In the week or so after a loved one dies, you or another family member will likely be tasked with writing the obituary. Summing up a person’s life is an immense, if not impossible, task. But these days finding the right words is only one of the challenges—preventing identity theft is perhaps equally important.
Believe it or not, criminals steal the identities of about 2,200 deceased Americans each day, using stolen data to file fraudulent tax returns, apply for loans and credit card accounts, and much more. This most heartless of crimes even has an eerie name: ghosting.
Obituaries provide one of the easiest ways for thieves to steal personal data from deceased individuals. Too often, these personal biographies—which are likely to appear in print as well as remaining online for years—include all sorts of sensitive information that can be used to perpetrate fraud.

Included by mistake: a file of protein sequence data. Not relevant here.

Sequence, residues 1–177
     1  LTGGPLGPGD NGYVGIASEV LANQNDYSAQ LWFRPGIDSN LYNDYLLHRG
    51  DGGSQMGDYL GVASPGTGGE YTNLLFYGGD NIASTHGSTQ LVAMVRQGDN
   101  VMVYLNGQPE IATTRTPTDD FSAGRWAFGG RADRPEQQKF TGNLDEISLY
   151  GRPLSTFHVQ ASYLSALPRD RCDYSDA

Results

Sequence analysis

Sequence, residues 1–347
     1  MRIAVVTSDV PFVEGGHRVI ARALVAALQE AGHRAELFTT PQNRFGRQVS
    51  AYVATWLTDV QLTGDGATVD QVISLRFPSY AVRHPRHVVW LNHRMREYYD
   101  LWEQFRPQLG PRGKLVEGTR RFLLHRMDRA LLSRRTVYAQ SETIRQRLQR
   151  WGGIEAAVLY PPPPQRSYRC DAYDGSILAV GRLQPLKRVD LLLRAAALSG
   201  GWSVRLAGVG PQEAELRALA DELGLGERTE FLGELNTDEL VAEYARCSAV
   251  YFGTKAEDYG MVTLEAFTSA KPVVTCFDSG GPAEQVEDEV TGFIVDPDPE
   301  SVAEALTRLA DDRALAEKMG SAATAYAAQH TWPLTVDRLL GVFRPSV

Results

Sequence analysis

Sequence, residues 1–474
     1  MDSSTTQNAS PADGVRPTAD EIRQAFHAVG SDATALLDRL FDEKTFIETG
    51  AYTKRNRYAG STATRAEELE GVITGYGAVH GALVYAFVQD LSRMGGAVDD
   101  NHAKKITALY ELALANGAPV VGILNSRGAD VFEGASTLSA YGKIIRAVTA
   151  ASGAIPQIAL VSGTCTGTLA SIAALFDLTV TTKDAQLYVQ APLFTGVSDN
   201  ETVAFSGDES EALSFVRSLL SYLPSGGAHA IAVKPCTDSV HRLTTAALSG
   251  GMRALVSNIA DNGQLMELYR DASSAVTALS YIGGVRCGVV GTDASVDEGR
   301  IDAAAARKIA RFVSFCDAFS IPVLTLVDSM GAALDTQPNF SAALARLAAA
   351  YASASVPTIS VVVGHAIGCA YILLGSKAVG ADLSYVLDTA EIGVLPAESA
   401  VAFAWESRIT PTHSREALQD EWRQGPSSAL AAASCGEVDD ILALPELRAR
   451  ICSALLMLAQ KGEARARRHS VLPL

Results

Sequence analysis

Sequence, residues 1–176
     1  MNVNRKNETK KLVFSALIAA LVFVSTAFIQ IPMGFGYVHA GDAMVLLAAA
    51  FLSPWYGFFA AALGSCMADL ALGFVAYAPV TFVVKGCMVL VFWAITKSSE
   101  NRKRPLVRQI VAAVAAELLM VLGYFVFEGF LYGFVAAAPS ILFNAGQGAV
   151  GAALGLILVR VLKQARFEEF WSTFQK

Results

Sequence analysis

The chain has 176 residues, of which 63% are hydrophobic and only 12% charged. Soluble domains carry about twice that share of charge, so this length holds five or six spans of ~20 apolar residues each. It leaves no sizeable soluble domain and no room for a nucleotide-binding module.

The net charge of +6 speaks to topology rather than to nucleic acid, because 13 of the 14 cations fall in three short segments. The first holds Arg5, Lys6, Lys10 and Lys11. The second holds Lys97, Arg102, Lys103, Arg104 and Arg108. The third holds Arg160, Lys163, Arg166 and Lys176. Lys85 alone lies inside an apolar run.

If you or someone you know needs to write an obituary, go ahead and give the age of the deceased. But leave out these key details:
- Middle name
- Birth date
- Mother’s maiden name
- Home address
Remember that criminals can acquire personal information from a variety of sources, including social media and online people search sites. Adult children can also be put at risk as a mother’s obituary often includes her maiden name, which is a common security question. Even if the obituary only gives away a couple of additional details, those may be the missing pieces a criminal needs to fill out a credit card application or sign up for a cellphone account in the deceased’s name.
Writing an obituary for a loved one is a beautiful and generous act. And, while it would be nice if it weren’t necessary, making sure that the obituary also protects the person’s identity is another way to honor and protect their memory.